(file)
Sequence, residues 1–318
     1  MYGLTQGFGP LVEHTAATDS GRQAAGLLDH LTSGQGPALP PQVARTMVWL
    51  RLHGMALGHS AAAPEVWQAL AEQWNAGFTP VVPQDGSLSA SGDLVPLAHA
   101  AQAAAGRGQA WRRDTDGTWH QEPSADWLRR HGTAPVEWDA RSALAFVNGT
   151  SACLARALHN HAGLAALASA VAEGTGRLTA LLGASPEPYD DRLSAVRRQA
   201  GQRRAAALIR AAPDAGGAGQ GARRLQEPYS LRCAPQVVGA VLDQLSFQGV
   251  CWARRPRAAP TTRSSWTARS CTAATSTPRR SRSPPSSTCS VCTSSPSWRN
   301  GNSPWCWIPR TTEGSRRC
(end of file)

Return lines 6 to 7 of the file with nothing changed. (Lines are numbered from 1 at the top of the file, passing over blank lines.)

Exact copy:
   201  GQRRAAALIR AAPDAGGAGQ GARRLQEPYS LRCAPQVVGA VLDQLSFQGV
   251  CWARRPRAAP TTRSSWTARS CTAATSTPRR SRSPPSSTCS VCTSSPSWRN